Rivaldo's goal ever so slightly shifted the momentum in Brazil's favor. As in the Belgium game, Ronaldinho began cropping up on the right hand flank and then the left as the English defense struggled to mark the 3 Rs composed of Ronaldo, Rivaldo and Ronaldinho. Brazil's offense was undergirded by an important tactical shift wherein the defensive midfielder Kleberson started the match instead of the offensive midfielder Juninho Paulista. Kleberson added more steel to Brazil's defense by supporting Gilberto Silva and allowing the skilled players to express themselves. Seemingly frustrated by Scolari's substitution, English midfielder Nicky Butt hacked down Kleberson in the 48th minute. The ever smiling Ronaldinho protested to the referee Felipe Ramos Rizo that Butt deserved a yellow card, but to no avail. Dinho then lined up to take a free kick from 35 meters. Almost everyone expected Dinho to aim for the head of Lucio, Edmilson or Rivaldo, but instead, the ball magically curled over David Seaman and into the back of the net. Anticipating a cross, Seaman had come off his line but Ronaldinho had the skill to beat him. The ensuing goal celebration saw Ronaldo, Ronaldinho and Cafu celebrate in the far right corner of the touchline, with Ronaldinho clutching his jersey as he gestured to the crowd that he was more than worthy of wearing the number 11 shirt for Brazil. In the days prior to the Brazil-England match, many an English soccer commentator had claimed that Ronaldinho was not of the caliber of Rivaldo or Ronaldo, but Dinho effectively silenced his critics by setting up the critical equalizer and then scoring the game winning goal from a spectacular free kick.
But the Ronaldinho drama had yet to fully unfold. Dinho's free kick accelerated the intensity and fierceness of play on England's part, as the game suddenly witnessed rougher England tackles and sliding challenges galore. Brazil responded with tough play of their own. In the 56th minute, Ronaldinho stood on Danny Mill's boot and appeared to hit Mills's face with his right arm. The referee responded by displaying a red card without the slightest hesitation. Cafu, Ronaldo and Rivaldo talked to the referee at length in an apparent attempt to make him reverse his decision, and Dinho himself expressed disbelief and surprise at the red card. Forced to leave the pitch, the buck toothed man of the match was consoled by Cafu, who cradled Ronaldinho's head in his hand and whispered with classic Brazilian hubris, "Don't worry. We are going to win the game for you."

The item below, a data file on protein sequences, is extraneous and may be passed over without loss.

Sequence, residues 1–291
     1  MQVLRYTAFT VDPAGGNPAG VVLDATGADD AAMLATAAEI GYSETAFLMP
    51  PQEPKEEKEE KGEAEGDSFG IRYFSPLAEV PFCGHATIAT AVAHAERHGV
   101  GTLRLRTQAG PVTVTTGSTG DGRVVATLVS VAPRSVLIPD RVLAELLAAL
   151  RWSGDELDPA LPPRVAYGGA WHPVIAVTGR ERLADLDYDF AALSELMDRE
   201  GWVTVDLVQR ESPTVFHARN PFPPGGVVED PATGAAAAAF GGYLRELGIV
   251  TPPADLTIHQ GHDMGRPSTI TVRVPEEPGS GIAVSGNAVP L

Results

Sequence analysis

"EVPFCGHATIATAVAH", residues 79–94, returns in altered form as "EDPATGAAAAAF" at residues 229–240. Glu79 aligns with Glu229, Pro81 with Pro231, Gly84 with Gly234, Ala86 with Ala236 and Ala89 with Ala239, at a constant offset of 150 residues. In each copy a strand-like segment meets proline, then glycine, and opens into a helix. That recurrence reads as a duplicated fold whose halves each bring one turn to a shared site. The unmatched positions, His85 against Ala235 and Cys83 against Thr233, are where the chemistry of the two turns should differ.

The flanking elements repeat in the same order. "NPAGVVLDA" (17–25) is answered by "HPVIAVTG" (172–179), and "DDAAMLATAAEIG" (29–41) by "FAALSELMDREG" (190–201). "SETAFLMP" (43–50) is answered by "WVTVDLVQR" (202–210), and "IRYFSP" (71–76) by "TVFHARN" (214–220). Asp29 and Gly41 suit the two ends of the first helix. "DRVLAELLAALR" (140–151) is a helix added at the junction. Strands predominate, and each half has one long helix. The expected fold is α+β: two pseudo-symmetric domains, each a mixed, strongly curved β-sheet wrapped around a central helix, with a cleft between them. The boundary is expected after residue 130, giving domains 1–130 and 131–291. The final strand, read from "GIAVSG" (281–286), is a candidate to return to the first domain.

In the ensuing 34 minutes, Scolari brought Brazil back to his Gremio days from 1993-1996, during which time he advocated ball possession at the expense of attacking football, especially once Gremio had secured a lead. And Brazil went on to produce a magnificent display of one touch passing and possession football by taking seconds off the clock as they invited their tired English counterparts to chase the ball in all corners of the field. Big Phil substituted Edilson for Ronaldo in the 70th minute, withdrew Roberto Carlos to play more defense and gave Cafu the freedom to taunt English defenders into ball chasing, only to encounter a savvy pass to Gilberto or Rivaldo. And when the whistle blew at half time, everyone knew that, under Scolari, Brazil had gelled into a championship team that would be difficult to beat. Kleberson had proven to be the wild card, the ace, the joker in the pack that Scolari had used to unleash his 3 Rs and cement the Brazilian defensive midfield. With this victory against England, Brazil now needed only two more wins to become pentacampeão, five time World Cup champions. Brazil now faced Turkey in the semi-finals in a re-match of one of their group stage encounters.